The important thing is that we can see in every moment of Fresnay’s close-ups just how desperate he is to discover the world, how much he is love with the sounds of the steamers, the clack of sails, the groans of the sailors rushing to girls and good drink. For the soundly heterosexual Marius is also a bit like being gay, a desire for something so outside the normality of his world that he cannot resist it, despite his devotion to the sweet Fanny. She too is a familiar from which he desperately desires, at least temporarily, to let go of if he is to fulfill himself.
Since I have already intruded with the personal in this review of movie whose characters and city I have never experienced, perhaps I should admit that I have fully shared Marius’ seemingly perverse desires. As I have previously written in these pages, as a child I desperately wanted to be a missionary—not at all because I cared about teaching others (“the heathens”) about Christianity (I have been an atheist most of my adult life), but because in my limited childhood imagination it was the only way I knew that would allow me to travel to far-away locations on a regular basis. Indeed, my Christian fundamentalist cousin has done just that, traveling to Africa several times, to the Soviet Union, and elsewhere. Moreover, I also discovered, as a teenager and more definitely as an adult, that I absolutely adore ships and boats. I don’t believe in reincarnation either, but if there is such a thing I was certainly a sailor in another life, despite the fact that in my own lifetime I lived in a state with only a few small lakes and didn't properly learn to swim.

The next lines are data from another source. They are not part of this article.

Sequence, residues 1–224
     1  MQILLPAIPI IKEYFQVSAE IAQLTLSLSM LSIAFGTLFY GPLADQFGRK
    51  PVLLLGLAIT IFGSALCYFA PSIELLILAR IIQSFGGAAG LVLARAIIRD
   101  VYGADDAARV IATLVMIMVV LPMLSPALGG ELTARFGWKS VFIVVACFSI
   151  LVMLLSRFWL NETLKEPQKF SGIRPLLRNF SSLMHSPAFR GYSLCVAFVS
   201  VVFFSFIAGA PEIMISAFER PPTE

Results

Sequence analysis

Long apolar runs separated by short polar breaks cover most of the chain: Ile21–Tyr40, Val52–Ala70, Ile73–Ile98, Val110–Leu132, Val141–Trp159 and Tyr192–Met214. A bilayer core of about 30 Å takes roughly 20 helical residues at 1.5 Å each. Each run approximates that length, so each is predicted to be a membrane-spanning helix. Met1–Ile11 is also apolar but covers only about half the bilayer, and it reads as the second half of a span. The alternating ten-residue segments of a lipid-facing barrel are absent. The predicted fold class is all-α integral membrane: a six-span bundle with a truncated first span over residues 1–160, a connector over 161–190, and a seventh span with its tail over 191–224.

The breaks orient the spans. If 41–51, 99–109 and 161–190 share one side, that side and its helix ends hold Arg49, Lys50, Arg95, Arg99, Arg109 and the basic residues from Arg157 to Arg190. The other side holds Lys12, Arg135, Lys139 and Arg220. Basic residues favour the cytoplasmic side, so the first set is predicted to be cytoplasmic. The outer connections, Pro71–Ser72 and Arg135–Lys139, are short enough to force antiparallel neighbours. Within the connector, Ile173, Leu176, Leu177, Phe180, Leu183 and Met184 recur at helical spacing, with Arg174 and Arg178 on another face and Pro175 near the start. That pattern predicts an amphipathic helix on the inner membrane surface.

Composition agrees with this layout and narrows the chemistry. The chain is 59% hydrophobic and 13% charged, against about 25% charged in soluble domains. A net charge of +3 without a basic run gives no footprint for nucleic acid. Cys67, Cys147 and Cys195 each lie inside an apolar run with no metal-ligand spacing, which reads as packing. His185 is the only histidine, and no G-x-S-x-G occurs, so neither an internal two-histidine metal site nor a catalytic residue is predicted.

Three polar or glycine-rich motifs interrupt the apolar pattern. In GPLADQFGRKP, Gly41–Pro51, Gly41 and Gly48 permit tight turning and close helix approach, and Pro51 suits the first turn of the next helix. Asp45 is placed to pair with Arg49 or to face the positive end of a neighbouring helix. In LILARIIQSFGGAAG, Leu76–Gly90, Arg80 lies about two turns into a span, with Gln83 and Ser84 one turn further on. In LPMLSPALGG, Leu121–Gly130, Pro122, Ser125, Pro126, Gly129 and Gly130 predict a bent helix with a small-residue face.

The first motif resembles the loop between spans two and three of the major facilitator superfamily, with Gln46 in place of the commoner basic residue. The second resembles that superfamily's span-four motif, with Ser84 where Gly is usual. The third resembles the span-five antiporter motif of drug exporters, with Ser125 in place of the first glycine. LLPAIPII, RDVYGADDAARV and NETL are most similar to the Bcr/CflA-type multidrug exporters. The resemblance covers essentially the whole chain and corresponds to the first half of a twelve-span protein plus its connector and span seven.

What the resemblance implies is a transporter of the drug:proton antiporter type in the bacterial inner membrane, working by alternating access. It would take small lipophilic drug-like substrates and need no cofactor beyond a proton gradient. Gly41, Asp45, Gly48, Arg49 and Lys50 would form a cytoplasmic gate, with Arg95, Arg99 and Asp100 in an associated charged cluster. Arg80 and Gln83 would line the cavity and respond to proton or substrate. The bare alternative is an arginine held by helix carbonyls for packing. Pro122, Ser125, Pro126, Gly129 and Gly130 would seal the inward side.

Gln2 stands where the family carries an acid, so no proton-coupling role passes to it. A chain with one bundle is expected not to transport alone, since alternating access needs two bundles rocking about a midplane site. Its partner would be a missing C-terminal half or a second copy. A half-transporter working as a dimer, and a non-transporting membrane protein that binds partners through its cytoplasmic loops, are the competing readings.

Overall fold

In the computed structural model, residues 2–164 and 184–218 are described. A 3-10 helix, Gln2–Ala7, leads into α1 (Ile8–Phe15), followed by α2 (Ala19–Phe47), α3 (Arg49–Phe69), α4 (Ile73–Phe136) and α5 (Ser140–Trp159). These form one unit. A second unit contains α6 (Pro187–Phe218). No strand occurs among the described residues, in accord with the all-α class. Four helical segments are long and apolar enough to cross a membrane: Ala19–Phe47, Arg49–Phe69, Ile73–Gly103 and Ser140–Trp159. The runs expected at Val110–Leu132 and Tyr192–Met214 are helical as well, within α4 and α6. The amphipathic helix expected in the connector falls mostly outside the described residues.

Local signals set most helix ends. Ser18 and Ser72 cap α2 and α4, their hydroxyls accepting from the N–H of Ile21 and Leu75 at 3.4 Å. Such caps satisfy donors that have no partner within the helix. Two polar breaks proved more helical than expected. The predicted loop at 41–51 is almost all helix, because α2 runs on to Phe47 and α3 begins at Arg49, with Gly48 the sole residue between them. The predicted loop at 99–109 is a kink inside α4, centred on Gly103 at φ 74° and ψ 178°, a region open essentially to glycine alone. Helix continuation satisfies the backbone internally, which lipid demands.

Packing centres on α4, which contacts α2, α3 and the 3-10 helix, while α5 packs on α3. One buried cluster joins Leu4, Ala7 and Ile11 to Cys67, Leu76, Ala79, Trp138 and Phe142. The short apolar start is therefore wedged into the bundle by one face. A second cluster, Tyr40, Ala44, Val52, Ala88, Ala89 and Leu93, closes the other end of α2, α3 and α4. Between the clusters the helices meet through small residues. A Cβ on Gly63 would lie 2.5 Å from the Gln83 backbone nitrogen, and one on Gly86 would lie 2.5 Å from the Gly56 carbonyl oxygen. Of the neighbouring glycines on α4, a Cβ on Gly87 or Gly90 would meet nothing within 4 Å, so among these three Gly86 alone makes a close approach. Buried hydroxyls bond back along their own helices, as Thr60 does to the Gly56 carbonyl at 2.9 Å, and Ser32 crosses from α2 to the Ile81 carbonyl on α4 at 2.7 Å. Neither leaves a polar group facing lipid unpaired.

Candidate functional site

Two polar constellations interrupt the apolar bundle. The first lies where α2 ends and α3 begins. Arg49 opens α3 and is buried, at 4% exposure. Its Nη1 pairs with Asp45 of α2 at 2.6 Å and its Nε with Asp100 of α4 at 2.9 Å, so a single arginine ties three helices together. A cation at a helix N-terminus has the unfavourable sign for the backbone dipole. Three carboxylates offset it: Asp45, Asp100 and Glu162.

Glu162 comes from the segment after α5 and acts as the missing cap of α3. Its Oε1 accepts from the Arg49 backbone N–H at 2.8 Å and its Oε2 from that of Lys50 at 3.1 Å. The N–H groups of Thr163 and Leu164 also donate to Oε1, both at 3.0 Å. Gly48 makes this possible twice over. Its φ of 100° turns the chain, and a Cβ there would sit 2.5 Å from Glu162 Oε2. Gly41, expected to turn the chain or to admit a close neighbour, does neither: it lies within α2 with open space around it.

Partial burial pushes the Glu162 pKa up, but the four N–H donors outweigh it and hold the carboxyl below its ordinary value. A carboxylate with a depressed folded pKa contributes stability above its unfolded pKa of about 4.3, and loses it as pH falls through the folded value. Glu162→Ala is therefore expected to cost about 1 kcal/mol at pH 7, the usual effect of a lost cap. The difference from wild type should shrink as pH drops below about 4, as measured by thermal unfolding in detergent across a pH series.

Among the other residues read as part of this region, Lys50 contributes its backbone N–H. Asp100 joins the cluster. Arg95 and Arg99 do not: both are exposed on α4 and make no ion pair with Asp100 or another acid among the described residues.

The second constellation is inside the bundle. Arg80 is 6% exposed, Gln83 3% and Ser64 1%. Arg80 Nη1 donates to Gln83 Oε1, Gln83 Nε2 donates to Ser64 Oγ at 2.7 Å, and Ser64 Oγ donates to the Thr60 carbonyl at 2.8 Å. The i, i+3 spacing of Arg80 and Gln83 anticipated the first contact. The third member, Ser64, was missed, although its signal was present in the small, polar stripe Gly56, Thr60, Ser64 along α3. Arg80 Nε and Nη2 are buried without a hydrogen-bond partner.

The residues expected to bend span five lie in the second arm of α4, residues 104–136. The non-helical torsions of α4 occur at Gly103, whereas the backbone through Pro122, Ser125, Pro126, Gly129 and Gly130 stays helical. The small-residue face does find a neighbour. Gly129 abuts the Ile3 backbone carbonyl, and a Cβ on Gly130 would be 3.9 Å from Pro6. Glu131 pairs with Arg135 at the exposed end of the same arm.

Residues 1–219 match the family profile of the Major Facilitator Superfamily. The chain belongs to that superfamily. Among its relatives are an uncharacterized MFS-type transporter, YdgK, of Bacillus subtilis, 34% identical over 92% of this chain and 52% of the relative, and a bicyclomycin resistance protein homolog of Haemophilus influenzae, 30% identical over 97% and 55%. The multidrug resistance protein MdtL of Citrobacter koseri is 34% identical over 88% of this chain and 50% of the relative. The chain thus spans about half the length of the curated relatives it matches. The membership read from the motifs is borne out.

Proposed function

The first time I discovered this was on a voyage across Lake Michigan from Wisconsin to Holland, Michigan in a family outing. It was a windy and choppy voyage of several hours, and my entire family and most of the other passengers were soon so sea-sick that they simply retreated to the bowels of that ferry boat with terrible stomach pains. Despite one moment of discomfort, I quickly recovered and went up on deck to dance with the few others who hadn’t taken sick. And o how I loved the cold waters and the swirling waves.
Another overnight trip by ship from Oslo to Copenhagen was absolutely joyful, with me alone standing on deck in the rain. A night voyage in a small open row-boat from Priano to Positano was heaven. And there have been other such small voyages, always pleasurable. Even the speedy connectors between Naples and Ischia were a treat. So, I can comprehend, even if a bit vaguely, Marius’ attraction to the sea. Perhaps it’s time to read Moby-Dick again.
In any event, the power of Pagnol’s family saga is that the beautiful son wants to sail out of that closed world to discover his own identity, while the woman who most loves him must temporarily abandon that love in order to make it possible. This is what true love is all about, giving the loved one up to another lover, even if it’s not a woman or man.
Los Angeles, May 5, 2018